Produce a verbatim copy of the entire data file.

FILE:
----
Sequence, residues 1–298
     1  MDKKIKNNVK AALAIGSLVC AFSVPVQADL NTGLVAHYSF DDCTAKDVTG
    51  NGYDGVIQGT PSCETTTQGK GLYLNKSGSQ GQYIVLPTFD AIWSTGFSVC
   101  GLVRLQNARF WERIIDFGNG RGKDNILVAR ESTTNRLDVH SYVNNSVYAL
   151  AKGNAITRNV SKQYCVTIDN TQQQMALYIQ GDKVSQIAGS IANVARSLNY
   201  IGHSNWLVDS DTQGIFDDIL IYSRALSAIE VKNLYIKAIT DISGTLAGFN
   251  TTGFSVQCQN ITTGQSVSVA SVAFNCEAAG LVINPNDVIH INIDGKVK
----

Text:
Sequence, residues 1–298
     1  MDKKIKNNVK AALAIGSLVC AFSVPVQADL NTGLVAHYSF DDCTAKDVTG
    51  NGYDGVIQGT PSCETTTQGK GLYLNKSGSQ GQYIVLPTFD AIWSTGFSVC
   101  GLVRLQNARF WERIIDFGNG RGKDNILVAR ESTTNRLDVH SYVNNSVYAL
   151  AKGNAITRNV SKQYCVTIDN TQQQMALYIQ GDKVSQIAGS IANVARSLNY
   201  IGHSNWLVDS DTQGIFDDIL IYSRALSAIE VKNLYIKAIT DISGTLAGFN
   251  TTGFSVQCQN ITTGQSVSVA SVAFNCEAAG LVINPNDVIH INIDGKVK